I know what it’s like to feel stuck.
I never thought it would be possible lose my desire to drink. I really liked drinking. It was a recipe for a good time. An easy way to feel good. It was fun. Sophisticated. Pleasurable. I loved everything about it (except the next morning, lying in bed, feeling terrible, and wondering why I kept making the same mistakes).
Pouring a drink was my go-to solution to relax and quiet the nagging critic in my head.
I just needed a break. A little treat. What’s wrong with that? Sure, occasionally one glass of wine to “take the edge off” turned into three (or four), scouring the fridge and passing out on the couch, but no one’s perfect.
I certainly didn’t need to drink when I went out, but a buzz was so good at dissolving all those pesky insecurities that whispered in my ear. Otherwise, I was stuck in my head, worrying what people thought, scanning the room to see if I measured up. Having a couple of drinks just happened to be the fastest route to have fun and loosen up.
Of course, I hated the hangovers. Waking up the next day and wondering, was I too loud last night? Did I get too drunk? All the embarrassment and regrets. Relentlessly beating myself up. But you know what I hated even more? Not knowing why I couldn’t be more disciplined and always stick with my two-drink limit.
The truth was, I had a love-hate relationship with drinking. I spent years trying to moderate, drinking like I didn’t care, and quitting more times than I can count. I was unhappy when I drank too much and unhappy when I told myself I had to stop. With each failed attempt, I felt worse. I was stuck, and I started to doubt I would ever figure this out.
You don’t need to be stuck. You can stop worrying about why you sometimes drink too much and say goodbye to the stressed out, overly-critical version of yourself.
I know exactly what you’re going through and how painful it can be to feel like there isn’t a solution. But I promise you there is. I figured out the answer, and it has very little to do with alcohol. No labels, no life-long treatment, no admitting to being powerless or telling people you have a disease.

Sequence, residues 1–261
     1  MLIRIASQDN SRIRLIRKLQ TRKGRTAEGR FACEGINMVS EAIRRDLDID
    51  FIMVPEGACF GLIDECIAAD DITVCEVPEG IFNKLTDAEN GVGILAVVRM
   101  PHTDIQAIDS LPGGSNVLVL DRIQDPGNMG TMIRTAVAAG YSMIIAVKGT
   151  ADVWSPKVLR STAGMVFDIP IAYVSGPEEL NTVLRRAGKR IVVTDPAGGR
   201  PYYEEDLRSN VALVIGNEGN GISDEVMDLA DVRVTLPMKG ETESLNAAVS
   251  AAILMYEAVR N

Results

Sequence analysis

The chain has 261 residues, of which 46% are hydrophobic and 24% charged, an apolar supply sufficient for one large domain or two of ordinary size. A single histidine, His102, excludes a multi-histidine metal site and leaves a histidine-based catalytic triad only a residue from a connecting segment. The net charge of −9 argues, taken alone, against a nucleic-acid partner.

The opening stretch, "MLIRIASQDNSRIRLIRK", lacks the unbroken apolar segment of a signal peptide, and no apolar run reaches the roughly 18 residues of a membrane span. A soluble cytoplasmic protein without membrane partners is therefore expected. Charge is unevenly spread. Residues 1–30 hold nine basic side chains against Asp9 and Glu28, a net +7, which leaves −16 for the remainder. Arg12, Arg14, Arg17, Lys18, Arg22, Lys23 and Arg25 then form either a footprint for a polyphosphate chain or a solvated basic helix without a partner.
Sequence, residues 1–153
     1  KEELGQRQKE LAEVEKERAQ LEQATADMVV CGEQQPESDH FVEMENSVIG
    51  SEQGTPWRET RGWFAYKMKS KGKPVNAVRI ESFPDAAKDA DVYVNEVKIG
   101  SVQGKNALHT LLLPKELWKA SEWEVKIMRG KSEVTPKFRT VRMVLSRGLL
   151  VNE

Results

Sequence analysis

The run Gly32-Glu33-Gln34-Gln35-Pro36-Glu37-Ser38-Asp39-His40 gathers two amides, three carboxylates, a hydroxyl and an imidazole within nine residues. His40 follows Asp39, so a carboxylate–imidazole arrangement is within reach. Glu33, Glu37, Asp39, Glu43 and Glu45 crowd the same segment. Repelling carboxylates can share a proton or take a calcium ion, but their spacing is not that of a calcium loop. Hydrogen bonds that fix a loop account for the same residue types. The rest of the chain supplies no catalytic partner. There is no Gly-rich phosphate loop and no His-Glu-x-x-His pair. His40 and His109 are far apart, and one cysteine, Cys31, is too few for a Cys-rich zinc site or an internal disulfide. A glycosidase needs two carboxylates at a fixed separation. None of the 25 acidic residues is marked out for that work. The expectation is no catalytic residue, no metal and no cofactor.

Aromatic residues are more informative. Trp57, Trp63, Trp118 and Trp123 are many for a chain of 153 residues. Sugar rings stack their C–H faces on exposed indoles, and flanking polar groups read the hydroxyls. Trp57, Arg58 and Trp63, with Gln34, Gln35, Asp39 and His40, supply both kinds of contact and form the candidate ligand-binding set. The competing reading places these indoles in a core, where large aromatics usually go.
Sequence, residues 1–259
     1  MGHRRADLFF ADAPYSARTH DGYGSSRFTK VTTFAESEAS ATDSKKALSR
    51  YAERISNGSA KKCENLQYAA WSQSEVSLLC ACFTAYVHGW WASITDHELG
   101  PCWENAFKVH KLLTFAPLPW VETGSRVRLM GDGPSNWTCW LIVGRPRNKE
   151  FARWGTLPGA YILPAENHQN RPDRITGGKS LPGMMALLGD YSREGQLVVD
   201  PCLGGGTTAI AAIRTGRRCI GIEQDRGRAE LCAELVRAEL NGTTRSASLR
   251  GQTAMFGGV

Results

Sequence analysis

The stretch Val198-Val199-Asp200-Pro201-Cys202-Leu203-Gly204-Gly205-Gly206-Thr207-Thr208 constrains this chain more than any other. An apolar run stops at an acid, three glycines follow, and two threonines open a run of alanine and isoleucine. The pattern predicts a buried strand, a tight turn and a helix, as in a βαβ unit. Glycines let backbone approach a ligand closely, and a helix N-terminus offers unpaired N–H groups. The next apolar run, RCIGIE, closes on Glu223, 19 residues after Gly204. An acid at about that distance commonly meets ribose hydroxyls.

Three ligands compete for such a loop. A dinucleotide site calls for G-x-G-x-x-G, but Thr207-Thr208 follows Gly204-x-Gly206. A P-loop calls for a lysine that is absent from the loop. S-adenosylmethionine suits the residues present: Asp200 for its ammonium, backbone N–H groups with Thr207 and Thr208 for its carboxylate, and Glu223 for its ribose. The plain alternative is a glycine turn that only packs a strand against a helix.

Once I understood what was behind my drinking, it all made perfect sense. All those years, I convinced myself my brain was missing an off-switch (it wasn’t). Turns out that your brain isn’t the problem; it’s the answer. If you want to change your drinking, you first have to radically change your thinking.
Turns out that your brain isn’t the problem; it’s the answer. If you want to change your drinking, you first have to radically change your thinking.
The best part? You can stop beating yourself up and get on with your life. All that time you waste dealing with the physical and emotional hangovers from drinking too much can be yours again. Imagine what you could do with it. Imagine what you could create.
You don’t need a glass in your hand to feel relaxed, confident, attractive, outgoing, and happy. The best version of yourself isn’t waiting at the bottom of a glass. She’s been there all along; you just need a different way to find her.
Learn more about me.
Here are some more details about who I am for those of you who are curious. I received my Master Coach certification from The Life Coach School, the best boutique coaching school in the country, and graduated with honors from Wellesley College. Before switching specializations, I spent over a decade coaching more than 1,500 human rights activists on how to confidently tell their stories.
You can catch me every Tuesday on the Take A Break podcast where I share the tools I use with my coaching clients or read my book, Why Can’t I Drink Like Everyone Else: A Step-By-Step Guide to Understanding Why You Drink and How to Take a Break.
My coaching practice is shaped by the stories—past and present—that inform women’s lives. For too long, I was an outspoken advocate of women’s voices, ideas, and contributions, only to turn around and judge my own self-worth based on what I saw in the mirror and the achievements that graced my resume. Teaching women how to let go of the narrative of “not being good enough” so that they can create a future they never dreamed possible is the best job in the world.